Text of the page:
Genuine protests?

            It is a clear case that the first few days were the most beautiful and most genuine ones. All political commentators acknowledge that it begun spontaneously and the the hardship and the corruption is rightfully questioned. Strangely enough, however, the protestors early on attacked the offices of Ḥizb Allah and the Amal Party, while no such attempt were made on the PM’s Party. Nor on Salāma, who has much to do with the current crisis, since he is at the practical helm of the Lebanese economics for more than two decades. It is also very puzzling from where the slogans and demands came to disarm the resistance movement, which generally has a high esteem in the country, even if its close ties with Iran are questioned.

            The whole set of events is strange. The fire was ignited by an internet tax idea, which is known to be a sensitive issue. Just for one instance, that is the same idea which for once managed to shake the ground under the Hungarian government in 2014, which’s grip on the country seems unquestionable since 2010. The protests against the Hungarian government that time were highly supported by the American Embassy, and the acting charge d’affaires took part in the protests. In Lebanon the idea of the net tax came from a minister of the PM’s party, yet the anger was not expressed against him. While Ğunblāṭ and Ğa‘ğa‘ quickly endorsed the movement and pulled out of the government. They had their supporters on the streets, while Ğunblāṭ’s Minister closed the schools, making sure that a huge number of young people be out. This was added by the fact that the banks were also closed. These, and his remarks about the imminent collapse of the Lebanese economy makes Salāma a part of all what happened. Al-Ḥarīrī practically did nothing for two weeks, only presented one weak package, and was wavering until he resigned. It all looks as the most corrupt segments of the government, who could have done much to prevent this meltdown, did their best to keep up the steam.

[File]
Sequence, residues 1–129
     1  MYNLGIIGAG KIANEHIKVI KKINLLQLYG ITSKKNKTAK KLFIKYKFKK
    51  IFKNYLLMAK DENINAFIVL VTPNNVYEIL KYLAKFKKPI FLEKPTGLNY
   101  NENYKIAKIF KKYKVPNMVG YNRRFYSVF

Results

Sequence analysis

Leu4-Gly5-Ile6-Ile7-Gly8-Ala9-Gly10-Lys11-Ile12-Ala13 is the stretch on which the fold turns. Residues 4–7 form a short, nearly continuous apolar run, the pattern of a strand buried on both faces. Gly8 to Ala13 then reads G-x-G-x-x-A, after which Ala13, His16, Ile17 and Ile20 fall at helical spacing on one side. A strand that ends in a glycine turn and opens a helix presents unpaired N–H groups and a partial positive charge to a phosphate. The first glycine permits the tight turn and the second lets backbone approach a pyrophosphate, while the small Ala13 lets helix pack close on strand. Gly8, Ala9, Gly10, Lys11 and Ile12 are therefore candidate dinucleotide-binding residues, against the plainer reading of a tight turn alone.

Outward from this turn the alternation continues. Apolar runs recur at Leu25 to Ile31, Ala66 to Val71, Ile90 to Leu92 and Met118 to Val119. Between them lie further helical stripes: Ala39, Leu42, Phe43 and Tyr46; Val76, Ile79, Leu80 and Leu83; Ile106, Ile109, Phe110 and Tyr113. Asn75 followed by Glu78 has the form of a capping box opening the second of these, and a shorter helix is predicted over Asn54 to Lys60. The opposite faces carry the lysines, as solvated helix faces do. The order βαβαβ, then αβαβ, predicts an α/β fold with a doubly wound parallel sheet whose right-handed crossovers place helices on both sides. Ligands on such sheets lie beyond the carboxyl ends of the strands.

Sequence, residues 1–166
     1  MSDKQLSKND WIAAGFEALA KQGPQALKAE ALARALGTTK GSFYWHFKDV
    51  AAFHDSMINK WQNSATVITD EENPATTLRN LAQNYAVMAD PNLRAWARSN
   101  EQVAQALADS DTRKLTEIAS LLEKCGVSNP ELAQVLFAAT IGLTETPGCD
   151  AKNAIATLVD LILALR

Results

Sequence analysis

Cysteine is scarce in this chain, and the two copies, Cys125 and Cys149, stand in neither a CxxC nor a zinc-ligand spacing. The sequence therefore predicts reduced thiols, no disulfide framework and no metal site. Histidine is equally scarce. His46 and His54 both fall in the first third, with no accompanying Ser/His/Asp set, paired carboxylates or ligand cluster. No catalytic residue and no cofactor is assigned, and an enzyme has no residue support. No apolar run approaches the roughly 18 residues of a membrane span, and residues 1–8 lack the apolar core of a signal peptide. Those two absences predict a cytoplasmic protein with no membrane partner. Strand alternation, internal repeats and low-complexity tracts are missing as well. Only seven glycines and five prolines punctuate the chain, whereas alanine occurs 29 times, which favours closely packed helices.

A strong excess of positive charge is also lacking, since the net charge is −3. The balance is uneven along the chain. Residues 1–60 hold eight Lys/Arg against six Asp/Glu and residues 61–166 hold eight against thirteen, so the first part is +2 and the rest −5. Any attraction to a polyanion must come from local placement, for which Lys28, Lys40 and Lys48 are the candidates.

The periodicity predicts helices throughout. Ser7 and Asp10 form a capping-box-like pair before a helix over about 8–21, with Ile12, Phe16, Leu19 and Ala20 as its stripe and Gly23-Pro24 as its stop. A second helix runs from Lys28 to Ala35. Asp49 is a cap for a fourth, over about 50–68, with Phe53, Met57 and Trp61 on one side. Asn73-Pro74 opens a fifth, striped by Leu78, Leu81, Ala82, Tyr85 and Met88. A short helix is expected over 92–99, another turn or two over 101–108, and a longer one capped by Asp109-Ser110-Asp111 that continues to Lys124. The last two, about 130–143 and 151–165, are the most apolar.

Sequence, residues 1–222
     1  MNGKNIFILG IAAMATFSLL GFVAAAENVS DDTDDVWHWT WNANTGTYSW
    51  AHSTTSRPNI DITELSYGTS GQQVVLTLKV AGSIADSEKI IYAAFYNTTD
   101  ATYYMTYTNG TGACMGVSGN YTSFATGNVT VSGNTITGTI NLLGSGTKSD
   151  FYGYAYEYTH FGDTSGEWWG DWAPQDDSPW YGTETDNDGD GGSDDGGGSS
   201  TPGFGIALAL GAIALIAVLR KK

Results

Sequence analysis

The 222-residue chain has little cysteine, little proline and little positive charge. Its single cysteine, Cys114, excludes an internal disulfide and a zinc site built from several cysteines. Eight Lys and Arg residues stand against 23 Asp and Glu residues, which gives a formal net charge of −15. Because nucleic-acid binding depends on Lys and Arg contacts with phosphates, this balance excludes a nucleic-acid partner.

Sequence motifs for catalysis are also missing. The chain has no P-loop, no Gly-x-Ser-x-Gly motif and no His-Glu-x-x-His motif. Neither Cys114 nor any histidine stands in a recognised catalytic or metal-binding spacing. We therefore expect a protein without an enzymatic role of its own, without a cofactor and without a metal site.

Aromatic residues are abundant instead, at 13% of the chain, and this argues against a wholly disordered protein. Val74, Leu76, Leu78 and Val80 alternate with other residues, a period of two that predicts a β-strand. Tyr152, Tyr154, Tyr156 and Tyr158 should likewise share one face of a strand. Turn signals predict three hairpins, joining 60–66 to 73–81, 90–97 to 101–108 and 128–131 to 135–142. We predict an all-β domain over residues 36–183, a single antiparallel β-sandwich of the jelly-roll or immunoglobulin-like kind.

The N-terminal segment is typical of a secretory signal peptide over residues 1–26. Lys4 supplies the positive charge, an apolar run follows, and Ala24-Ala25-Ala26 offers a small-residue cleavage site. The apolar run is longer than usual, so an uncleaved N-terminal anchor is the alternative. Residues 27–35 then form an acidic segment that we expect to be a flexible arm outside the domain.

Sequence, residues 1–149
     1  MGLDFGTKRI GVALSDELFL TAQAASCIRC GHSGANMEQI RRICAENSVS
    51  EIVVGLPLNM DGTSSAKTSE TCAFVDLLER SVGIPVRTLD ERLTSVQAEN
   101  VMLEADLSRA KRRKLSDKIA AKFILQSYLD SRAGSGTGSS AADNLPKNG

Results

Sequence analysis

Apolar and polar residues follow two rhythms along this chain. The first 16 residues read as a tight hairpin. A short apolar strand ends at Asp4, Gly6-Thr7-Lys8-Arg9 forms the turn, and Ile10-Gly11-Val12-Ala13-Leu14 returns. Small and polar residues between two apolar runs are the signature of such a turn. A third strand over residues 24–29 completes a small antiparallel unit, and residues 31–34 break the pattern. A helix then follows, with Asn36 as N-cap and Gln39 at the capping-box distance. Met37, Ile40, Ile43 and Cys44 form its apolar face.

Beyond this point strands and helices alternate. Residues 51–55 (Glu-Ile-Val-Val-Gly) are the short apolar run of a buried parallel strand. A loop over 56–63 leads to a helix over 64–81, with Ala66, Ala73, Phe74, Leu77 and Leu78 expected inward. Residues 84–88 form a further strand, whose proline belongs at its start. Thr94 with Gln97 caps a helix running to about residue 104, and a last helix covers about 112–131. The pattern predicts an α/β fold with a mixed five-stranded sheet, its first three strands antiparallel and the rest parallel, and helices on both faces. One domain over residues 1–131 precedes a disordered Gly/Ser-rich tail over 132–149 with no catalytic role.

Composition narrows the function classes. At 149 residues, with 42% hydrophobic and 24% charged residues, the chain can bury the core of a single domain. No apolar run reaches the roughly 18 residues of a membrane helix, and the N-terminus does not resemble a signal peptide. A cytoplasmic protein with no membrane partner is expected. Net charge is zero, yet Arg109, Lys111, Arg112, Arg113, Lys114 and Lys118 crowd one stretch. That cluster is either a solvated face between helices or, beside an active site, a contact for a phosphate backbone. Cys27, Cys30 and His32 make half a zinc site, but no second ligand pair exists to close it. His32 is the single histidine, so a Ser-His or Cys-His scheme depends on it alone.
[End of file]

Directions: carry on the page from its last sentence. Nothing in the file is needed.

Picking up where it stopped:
Even more curious that in the videos like the one below there are indications of foreign, mostly American support given to the protests. These helpers were educating the protestors, while also free kitchens were set up and gave massive technical support.